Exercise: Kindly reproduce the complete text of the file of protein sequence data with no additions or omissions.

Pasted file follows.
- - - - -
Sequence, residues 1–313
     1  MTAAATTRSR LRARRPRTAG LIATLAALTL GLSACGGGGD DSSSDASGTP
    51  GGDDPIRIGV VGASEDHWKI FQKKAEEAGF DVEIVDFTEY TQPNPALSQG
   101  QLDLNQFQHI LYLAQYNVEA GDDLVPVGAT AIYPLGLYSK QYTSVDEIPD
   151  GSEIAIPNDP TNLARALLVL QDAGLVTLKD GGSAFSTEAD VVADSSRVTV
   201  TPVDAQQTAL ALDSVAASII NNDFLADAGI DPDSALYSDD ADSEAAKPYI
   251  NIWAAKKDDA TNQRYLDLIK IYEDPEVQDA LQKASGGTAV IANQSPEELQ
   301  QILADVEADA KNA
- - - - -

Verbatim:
Sequence, residues 1–313
     1  MTAAATTRSR LRARRPRTAG LIATLAALTL GLSACGGGGD DSSSDASGTP
    51  GGDDPIRIGV VGASEDHWKI FQKKAEEAGF DVEIVDFTEY TQPNPALSQG
   101  QLDLNQFQHI LYLAQYNVEA GDDLVPVGAT AIYPLGLYSK QYTSVDEIPD
   151  GSEIAIPNDP TNLARALLVL QDAGLVTLKD GGSAFSTEAD VVADSSRVTV
   201  TPVDAQQTAL ALDSVAASII NNDFLADAGI DPDSALYSDD ADSEAAKPYI
   251  NIWAAKKDDA TNQRYLDLIK IYEDPEVQDA LQKASGGTAV IANQSPEELQ
   301  QILADVEADA KNA